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Currently I am developing a control system for an aircraft of a unique design (something in between a helicopter and a dirigible). At this moment I can model only the dynamics of this vehicle without any aerodynamic effects taken into account. For this I use the following work-flow:

Mechanical model in SolidWorks -> MSC ADAMS (Dynamics) <--> MATLAB/Simulink (Control algorithms)

Thus, the dynamics of the vehicle is modeled in ADAMS and all control algorithms are in MATLAB/Simulink. Unfortunately, ADAMS can not simulate any aerodynamic effects. As a result, I can not design a control system that is capable to fight even small wind disturbances.

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  • $\begingroup$ Alex, the question is not related to this topic. It has nothing to do with control or robot design. You can rephrase your question to ask about how to design autopilot for a specific plant model. Then, other users could answer and point you in the right direction. As it stands, you are asking for a CFD software but in fact what you need is methodology to define the linear and nonlinear of your vehicle. Which doesn't have to be software to software integration. $\endgroup$ – Gürkan Çetin Oct 21 '15 at 16:59
  • $\begingroup$ Actually, I need a virtual environment where I can launch my aircraft and see how it behaves without fear to crash it, because the real prototype is too fragile for taking any risks. And I need something where I have to define only the geometry of an aircraft, its inertial characteristics and joints whereas all system equations would be generated automatically and linked with control algorithms in MATLAB. $\endgroup$ – Alex Bokov Oct 22 '15 at 10:08
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    $\begingroup$ then I suggest that you try x-plane. Which helps you define a custom geometry with custom control surfaces and custom propulsion. however, I strongly suggest that you (or someone) takes a close look at your mathematical representation of the aircraft, and that you take extra precautions for the first flight. good luck. $\endgroup$ – Gürkan Çetin Oct 24 '15 at 5:01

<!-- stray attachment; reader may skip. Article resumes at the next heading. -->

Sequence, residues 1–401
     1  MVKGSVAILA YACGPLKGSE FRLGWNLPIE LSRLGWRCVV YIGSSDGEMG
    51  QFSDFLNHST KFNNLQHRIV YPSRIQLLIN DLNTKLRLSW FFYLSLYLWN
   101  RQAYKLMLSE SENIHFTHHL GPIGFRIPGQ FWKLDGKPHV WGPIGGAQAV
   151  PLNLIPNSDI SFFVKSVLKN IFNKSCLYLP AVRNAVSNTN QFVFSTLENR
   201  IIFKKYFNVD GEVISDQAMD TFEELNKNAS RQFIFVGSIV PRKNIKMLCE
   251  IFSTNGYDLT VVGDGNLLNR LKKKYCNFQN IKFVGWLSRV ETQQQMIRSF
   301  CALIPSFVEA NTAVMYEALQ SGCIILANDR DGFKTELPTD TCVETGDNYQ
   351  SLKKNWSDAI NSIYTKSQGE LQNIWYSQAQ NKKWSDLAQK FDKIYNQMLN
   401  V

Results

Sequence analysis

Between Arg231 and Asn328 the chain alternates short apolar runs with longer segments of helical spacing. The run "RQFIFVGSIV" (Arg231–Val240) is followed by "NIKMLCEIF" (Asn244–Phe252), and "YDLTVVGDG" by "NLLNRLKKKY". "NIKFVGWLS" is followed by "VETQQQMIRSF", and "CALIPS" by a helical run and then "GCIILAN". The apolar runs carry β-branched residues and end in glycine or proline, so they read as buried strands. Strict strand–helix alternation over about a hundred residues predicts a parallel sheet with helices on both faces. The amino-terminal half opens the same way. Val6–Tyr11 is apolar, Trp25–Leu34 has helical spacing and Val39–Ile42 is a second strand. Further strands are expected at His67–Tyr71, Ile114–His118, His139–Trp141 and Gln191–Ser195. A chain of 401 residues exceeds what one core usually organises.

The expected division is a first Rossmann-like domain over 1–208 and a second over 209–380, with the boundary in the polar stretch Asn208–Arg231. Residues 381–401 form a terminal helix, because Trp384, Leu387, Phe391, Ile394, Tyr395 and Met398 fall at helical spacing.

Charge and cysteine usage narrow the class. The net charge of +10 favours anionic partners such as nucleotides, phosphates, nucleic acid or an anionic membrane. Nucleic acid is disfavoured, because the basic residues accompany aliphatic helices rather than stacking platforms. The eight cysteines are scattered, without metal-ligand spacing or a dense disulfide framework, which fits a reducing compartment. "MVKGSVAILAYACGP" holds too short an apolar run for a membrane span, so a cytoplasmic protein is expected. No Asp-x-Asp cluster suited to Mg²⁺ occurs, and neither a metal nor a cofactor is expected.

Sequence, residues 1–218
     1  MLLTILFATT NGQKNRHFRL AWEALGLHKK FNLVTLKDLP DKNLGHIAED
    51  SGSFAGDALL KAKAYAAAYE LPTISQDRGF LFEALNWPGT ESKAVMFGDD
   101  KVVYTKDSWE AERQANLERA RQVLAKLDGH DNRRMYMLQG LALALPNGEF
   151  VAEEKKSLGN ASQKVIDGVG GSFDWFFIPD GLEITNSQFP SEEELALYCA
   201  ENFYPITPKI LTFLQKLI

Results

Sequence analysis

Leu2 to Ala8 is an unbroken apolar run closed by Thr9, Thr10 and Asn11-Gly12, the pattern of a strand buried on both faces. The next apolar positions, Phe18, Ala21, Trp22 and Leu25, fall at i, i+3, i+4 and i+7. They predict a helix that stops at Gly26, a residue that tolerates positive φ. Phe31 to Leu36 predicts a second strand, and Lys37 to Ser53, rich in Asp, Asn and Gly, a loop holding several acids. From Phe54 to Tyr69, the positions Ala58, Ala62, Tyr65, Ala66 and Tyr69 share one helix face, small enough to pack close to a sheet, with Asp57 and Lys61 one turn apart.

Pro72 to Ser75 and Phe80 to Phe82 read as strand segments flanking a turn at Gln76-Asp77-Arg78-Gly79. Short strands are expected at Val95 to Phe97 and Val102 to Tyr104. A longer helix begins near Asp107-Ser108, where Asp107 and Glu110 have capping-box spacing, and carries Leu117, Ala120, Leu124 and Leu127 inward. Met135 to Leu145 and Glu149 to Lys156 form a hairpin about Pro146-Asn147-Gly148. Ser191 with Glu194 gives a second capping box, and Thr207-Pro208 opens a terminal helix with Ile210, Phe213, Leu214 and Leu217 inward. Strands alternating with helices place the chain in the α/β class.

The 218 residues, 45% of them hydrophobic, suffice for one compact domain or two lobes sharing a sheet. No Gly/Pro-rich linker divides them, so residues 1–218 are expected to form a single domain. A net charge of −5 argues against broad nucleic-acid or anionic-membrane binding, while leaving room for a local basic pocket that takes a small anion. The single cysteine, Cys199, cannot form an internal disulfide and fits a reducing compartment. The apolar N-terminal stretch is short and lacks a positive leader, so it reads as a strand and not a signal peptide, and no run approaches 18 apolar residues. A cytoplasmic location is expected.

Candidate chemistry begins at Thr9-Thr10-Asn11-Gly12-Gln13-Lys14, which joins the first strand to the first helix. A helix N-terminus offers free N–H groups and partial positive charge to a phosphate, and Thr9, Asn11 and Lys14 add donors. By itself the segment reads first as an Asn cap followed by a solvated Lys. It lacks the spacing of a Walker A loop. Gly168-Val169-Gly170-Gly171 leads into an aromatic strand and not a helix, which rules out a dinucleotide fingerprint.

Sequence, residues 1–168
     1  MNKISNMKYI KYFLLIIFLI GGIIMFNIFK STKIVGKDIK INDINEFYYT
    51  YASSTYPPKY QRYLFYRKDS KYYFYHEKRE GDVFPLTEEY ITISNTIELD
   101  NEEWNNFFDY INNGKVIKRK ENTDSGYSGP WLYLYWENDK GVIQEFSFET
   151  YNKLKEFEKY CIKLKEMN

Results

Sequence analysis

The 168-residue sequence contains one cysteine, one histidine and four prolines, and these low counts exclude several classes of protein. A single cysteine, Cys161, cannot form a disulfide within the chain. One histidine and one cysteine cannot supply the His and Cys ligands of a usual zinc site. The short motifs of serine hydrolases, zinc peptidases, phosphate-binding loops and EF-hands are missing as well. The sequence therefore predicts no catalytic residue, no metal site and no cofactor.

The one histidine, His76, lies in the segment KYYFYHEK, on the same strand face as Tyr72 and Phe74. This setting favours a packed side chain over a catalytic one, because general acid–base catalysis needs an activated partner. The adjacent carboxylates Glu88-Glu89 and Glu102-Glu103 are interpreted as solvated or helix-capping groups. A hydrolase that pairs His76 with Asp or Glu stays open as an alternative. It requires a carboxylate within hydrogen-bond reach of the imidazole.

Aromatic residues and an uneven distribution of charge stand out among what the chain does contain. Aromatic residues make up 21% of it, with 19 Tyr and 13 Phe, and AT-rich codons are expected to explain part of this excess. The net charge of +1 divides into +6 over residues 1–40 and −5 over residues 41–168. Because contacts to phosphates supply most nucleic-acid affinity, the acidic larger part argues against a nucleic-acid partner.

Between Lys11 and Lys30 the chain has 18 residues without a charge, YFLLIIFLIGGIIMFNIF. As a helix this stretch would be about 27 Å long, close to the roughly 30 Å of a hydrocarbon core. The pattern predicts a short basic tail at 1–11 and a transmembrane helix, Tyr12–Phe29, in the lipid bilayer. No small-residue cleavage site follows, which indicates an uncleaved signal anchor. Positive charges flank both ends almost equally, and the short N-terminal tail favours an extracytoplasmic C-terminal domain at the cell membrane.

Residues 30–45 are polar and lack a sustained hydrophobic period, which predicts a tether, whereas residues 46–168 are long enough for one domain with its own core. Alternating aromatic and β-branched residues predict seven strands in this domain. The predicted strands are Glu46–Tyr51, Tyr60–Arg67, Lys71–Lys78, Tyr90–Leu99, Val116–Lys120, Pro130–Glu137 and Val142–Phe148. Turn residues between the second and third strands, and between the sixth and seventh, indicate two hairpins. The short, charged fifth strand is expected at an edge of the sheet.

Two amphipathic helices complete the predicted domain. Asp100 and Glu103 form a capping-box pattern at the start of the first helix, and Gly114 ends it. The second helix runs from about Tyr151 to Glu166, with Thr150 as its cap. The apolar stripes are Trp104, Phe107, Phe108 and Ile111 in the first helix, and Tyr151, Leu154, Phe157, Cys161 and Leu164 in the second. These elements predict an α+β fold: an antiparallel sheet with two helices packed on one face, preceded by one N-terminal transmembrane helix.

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Matlab has a package called Simscape that you can use for modeling physical systems in general. I would just caution you up front that Simscape is almost more like a plugin manager in that it enables other modules and doesn't offer a terrific amount of content on its own. This means you get to buy Simscape, then buy whatever other toolboxes you want that require Simscape. That said, if you're using Solidworks, you/your company is probably no stranger to paying good money for (great) software tools.

Once you have Simscape, you can purchase/install a package called SimMechanics. This package has the capability to interface with Solidworks; see the videos here and here (the second video is embedded in this page in case you have trouble accessing it).

Lastly, there's an Aerospace Blockset for Simulink that helps you model wind, but I'm not an aero guy and haven't used this set, so I can't comment on how useful it may be.

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